Jennie Jue: Well, at that time I think when we bought the house we couldn't sleep for three days because we were "Did we do the right thing?" I mean, "How can we afford this?" And we only paid, what---

Frank Jue: Sixteen---

Jennie Jue: About 17,000 for this house, and we were worried.

LaBounty: '58.

Jennie Jue: Yes, but '58, you weren't making much, and here you're starting a family and all the expenses connected to it. Yes, we were worried.

LaBounty: And now it doesn't seem---

Jennie Jue: We're still worried. [laughs] The thing is, we can't move out. Where are we going to move to?

LaBounty: You can sell your house for a million-something dollars.

Jennie Jue: Yes, but so what?

LaBounty: But what are you going to be able to buy?

Jennie Jue: Right.

LaBounty: Did you grow up in San Francisco, in Chinatown?

Jennie Jue: Yes.

Frank Jue: Born in San Francisco, yes.

Jennie Jue: We were born and raised there.

LaBounty: Did your parents grow up in San Francisco, or did they come from---

Jennie Jue: No, my parents immigrated.

Frank Jue: Same. When I was a youngster, my father, who was a motion picture producer, went to Hong Kong to start a new studio back then, and then after a year or so he sent the family back there, so if it weren't for the war with Japan, I would have probably stayed there, grew up there.

LaBounty: In Hong Kong.

Frank Jue: Kowloon, actually.

Jennie Jue: But because of the war, they came back; the family came back, anyway.

LaBounty: Do you remember any of that, coming back?

Frank Jue: Yes, I remember it pretty well, because him being in the motion picture industry, he took a lot of pictures, so I have all that to refresh my memory of the times when we were back there, the studio. He was one of the pioneers who went back from here to there to open the motion picture studio and produce motion pictures. He actually became producer, director, cinematographer, and so forth, jack-of-all-trades, just to get started. He had very good financial backing because my grandfather was a relatively known person in Chinatown, so he has a lot of influence in getting people to become shareholders and all that, so my dad started that way.

LaBounty: What was your dad's name?

Frank Jue: Joseph Sunn Jue.

LaBounty: Do you remember coming back and the idea of going back to the United States?

Frank Jue: Yes, because of the war with Japan then, they started to bomb Hong Kong, so we came back in '39, just when they had the first World's Fair here. We were considered pretty lucky to have a chance to even get out of that horrible situation.

So after we got back here, then my dad, of course, came back and decided that he has to continue his expertise of producing motion pictures, so he started doing it in Chinatown on Ross Alley there, rented a warehouse and made a lot of 16-millimeter motion pictures, Chinese motion pictures. In the meantime, he had some backing from my grandfather, who was fairly well-to-do at the time, so he started a movie theater in Chinatown.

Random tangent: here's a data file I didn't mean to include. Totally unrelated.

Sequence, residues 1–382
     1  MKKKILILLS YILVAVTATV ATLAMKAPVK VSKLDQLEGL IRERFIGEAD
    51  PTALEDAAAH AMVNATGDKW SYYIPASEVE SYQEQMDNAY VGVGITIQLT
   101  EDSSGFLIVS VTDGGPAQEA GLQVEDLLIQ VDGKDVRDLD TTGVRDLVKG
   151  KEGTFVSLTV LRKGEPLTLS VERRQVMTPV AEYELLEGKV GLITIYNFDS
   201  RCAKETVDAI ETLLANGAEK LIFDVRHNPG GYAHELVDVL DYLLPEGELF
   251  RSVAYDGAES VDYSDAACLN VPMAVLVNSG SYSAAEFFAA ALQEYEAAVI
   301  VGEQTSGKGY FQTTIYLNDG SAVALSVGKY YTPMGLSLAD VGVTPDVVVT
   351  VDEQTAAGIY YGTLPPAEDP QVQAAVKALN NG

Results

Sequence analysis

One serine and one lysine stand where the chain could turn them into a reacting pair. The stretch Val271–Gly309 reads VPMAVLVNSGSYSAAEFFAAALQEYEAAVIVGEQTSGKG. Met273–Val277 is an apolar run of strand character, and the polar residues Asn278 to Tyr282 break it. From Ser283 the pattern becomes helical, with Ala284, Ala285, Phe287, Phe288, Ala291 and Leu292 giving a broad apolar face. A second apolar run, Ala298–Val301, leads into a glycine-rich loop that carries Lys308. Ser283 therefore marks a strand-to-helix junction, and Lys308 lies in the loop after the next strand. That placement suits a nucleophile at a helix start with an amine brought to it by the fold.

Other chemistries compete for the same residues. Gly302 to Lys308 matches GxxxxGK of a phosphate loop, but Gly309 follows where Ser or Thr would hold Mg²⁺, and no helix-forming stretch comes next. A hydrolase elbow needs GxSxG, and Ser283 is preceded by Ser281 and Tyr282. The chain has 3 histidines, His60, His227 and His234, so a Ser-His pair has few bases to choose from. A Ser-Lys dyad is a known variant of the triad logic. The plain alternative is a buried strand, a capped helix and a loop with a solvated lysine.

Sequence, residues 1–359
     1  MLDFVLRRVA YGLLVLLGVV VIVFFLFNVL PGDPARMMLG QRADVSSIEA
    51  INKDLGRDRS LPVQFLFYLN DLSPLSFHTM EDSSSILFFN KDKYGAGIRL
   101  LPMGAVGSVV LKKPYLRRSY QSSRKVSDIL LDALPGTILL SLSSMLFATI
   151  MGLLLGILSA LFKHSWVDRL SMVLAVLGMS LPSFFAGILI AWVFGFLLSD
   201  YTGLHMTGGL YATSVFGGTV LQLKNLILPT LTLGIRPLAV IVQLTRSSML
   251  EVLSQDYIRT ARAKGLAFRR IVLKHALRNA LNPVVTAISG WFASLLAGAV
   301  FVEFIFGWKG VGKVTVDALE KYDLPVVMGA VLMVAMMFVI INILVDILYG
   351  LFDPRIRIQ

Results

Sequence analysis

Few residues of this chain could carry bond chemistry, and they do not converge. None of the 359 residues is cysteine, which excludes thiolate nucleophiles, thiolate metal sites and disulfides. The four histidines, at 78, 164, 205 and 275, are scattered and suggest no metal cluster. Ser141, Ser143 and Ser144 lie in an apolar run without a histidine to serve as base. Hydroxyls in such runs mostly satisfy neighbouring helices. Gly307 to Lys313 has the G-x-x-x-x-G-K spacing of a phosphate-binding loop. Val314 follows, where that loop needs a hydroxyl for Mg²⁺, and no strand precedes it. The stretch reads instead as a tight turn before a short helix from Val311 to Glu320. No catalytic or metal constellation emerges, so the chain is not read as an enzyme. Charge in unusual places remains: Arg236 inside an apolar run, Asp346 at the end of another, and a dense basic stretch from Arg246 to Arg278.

LaBounty: What was the name of it?

Frank Jue: Grand View Theater on Jackson Street right below Stockton. The marquee is still there, but it's an apartment building now. In fact, we lived in that building for a while after it was built. We moved into that building there.

LaBounty: So your grandfather was sort of an influential person in Chinatown and he kind of helped your father get the business going in Chinatown.

Frank Jue: Right.

LaBounty: I bet in Hong Kong it was a bigger---more facilities, maybe.

Frank Jue: Right. He decided, well, the industry's there, Chinese motion pictures, so you can't do it over here, so he decided to go back to China in about 1936 or something like that, just himself first, then after a couple of years the rest of the family moved back there, intending to stay, until the war came in '39, so we came back here. He decided to still continue his motion picture business by setting up some sort of a studio inside Chinatown.

LaBounty: In Ross Alley.

Frank Jue: Yes. And using 16-millimeter, by the way. He couldn't use the 35-millimeter films, flammable and all that. So he started making 16-millimeter motion pictures, being the director, producer, and scriptwriter and all that, jack-of-all-trades. So he made a fairly good success of it, and with the help of my grandfather, who had a lot of influence by that time with Chinese investors and all that, so they contributed enough to have them build a theater in Chinatown to show the movies that he has been making. Also by that time the war is over and they started shipping other movies over, so he was the---I think turned out to be the first theater in Chinatown that showed Chinese motion pictures as well as English-speaking motion pictures.

So he ran that for about a decade and then decided to go back to Hong Kong after the war and do his motion pictures back there instead. But he was still having someone else run the theater over here.